Our campus is located in Rochester’s Plymouth-Exchange neighborhood and features a number of community assets including a meeting space, meditation room, garden, labyrinth, and playground.
We are committed to environmentalism and the efficient use of resources, and strive to embody these convictions on our campus and beyond. We recognize sustainability, in all its forms, as an important tenet of nonviolence and it is among our highest values at the Gandhi Institute. We therefore operate with both the present and future in mind as we work to better the environment, our community, and our organization.
We operate a 24-bed organic vegetable garden and greenhouse on our property. Our space is also home to a small fruit tree orchard and lots of flowers that keep the pollinators happy. We use permaculture principles to work with the natural ecosystem and use organic compost to support healthy, nutrient-rich soil.
Our staff maintains the garden with the generous help of neighbors, youth, and community members. Throughout the summer, we share our produce with our neighbors, delivering bags of produce weekly to households on S Plymouth Ave. and Seward St. and providing parents at School 19 the opportunity to take home groceries during student pick-up time. We also offer workshops on topics such as container gardening and healthy cooking. It is our hope that through these efforts, we will begin to transform the Plymouth-Exchange Neighborhood’s status as a food desert.
Our ongoing Dinners with the Community series gives our many friends and neighbors a chance to come together to connect with one another over a shared meal. These dinners routinely bring together people of all ages and backgrounds, fostering open dialogue among individuals who otherwise might never have met.
Vegetarian dishes are lovingly prepared by our staff and volunteers — the ingredients sourced partially from our garden. We invite participants to donate what they can, though no one is turned away for lack of funds. If someone is in need of a free meal and human connection without the pressure of having to contribute financially, we trust that it will be balanced by those who can give more with ease.
Staff Blog: “Sharing a Meal and the Opportunities it Offers”
Our Conflict Transformation Labyrinth was constructed in 2019 and is located on our campus beside the greenhouse. The design, created by Clare Wilson, comes from South Africa where it was used for reconciliation following Apartheid. The dual paths allow for multiple walkers and provide opportunity for conflict resolution as well as reflection and mindfulness practices.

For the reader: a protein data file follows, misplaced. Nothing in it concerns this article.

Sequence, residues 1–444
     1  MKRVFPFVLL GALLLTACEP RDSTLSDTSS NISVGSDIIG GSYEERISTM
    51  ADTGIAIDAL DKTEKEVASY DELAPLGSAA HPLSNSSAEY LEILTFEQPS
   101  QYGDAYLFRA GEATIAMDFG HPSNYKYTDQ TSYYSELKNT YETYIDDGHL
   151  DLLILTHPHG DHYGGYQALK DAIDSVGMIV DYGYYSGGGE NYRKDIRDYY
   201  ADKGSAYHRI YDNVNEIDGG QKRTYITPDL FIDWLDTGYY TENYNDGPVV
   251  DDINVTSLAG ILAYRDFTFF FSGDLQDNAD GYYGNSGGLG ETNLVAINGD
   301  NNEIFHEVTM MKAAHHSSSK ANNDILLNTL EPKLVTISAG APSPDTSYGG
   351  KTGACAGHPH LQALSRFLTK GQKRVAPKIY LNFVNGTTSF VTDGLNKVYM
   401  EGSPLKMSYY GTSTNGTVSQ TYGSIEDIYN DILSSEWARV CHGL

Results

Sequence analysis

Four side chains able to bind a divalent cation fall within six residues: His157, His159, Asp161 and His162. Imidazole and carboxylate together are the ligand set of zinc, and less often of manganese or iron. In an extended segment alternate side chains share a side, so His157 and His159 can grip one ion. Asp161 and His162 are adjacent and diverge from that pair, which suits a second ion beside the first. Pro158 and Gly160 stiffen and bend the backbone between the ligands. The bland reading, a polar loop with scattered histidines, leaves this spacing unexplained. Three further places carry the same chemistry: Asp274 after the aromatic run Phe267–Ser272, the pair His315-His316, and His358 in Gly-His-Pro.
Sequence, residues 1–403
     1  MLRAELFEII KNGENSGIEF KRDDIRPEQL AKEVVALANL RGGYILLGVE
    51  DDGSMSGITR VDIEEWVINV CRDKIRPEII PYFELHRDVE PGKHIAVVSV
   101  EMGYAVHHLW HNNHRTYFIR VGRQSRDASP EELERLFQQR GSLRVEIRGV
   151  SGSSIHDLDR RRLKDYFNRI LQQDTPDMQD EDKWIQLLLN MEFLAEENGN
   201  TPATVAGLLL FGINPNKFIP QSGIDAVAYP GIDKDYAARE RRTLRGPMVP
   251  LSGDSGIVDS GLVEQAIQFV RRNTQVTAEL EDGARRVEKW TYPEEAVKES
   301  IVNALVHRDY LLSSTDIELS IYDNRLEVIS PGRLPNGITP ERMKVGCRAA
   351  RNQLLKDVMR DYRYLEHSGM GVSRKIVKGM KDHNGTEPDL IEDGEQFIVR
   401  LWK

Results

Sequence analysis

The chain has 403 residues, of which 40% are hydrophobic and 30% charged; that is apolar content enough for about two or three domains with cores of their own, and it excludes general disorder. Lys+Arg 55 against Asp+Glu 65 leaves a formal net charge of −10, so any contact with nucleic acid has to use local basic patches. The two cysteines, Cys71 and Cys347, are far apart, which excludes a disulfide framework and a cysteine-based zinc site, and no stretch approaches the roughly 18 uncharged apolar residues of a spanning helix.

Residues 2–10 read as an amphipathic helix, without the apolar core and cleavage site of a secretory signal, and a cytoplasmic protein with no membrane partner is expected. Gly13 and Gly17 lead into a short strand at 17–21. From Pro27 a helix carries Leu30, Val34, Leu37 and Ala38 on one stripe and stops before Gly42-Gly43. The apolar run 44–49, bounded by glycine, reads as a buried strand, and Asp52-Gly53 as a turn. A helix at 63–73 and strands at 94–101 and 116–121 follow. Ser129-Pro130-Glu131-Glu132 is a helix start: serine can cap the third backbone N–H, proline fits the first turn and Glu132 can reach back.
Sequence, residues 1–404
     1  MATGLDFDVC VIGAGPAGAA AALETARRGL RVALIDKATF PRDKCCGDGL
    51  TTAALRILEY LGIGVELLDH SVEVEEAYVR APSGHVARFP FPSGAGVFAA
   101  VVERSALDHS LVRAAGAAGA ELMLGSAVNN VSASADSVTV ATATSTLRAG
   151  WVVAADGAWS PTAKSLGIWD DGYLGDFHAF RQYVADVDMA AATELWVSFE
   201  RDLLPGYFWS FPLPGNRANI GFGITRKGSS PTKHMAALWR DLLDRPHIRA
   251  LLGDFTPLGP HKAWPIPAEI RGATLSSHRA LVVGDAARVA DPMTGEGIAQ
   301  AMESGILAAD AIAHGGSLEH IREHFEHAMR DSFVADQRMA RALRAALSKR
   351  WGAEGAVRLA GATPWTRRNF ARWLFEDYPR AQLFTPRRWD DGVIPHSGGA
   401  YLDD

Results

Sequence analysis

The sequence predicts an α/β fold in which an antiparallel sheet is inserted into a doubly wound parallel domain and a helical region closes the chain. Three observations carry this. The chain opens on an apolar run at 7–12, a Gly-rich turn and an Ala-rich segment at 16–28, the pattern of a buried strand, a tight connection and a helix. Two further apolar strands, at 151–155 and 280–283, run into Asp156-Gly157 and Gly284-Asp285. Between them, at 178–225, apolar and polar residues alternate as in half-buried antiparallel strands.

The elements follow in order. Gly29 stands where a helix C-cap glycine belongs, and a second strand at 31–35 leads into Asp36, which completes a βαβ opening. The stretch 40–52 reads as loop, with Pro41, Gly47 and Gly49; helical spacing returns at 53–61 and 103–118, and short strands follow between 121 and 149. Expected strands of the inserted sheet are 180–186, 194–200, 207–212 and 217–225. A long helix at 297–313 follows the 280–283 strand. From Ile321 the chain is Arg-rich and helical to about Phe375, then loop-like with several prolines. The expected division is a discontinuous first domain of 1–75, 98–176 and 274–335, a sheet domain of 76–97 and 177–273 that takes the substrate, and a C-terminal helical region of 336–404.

Our labyrinth is a place where you can connect with nature, yourself, and others. It’s a place where you can be calm or silly, alone or with others. It can be walked in different ways depending on whether you’re seeking calm, fun, or respite from hardship. The possibilities are endless!
In the same year that the labyrinth was built, a new mural, facing the labyrinth, was painted by artists Brittany Williams and Sarah Rutherford. With the help of students from neighboring School No. 19, Brittany and Sarah drew inspiration from the labyrinth and its South African roots. Together, the mural and labyrinth have transformed the back portion of our campus into a beautiful and inviting space.
To date, the labyrinth has been used by many neighbors, visitors, and school groups. It is accessible and open to all 24-7.
In 2012 the Gandhi Institute moved to the Plymouth-Exchange neighborhood in an effort to better serve Rochester youth and community members. What is now the Gandhi House had been an abandoned building for 17 years and was lovingly restored by two friends and landlords of the Institute, David Knoll and David Skinner, along with their construction crew and a host of community helpers.
Since moving to the Gandhi House, we have hosted hundreds of groups attending films, concerts, meetings, dialogues, training, and community service opportunities. In addition to office space, the house contains a small retail area to purchase ‘Gandhi Gear,’ a workshop / meeting room space, a meditation room, and a kitchen. Community spaces on the first floor are wheelchair-friendly.
The house is maintained by staff and volunteers, just as the garden is. To discourage violence against animals and the environment, we only eat vegetarian dishes in our space. This building and its history is a wonderful metaphor for our work. We are so grateful to be here and always welcome visitors.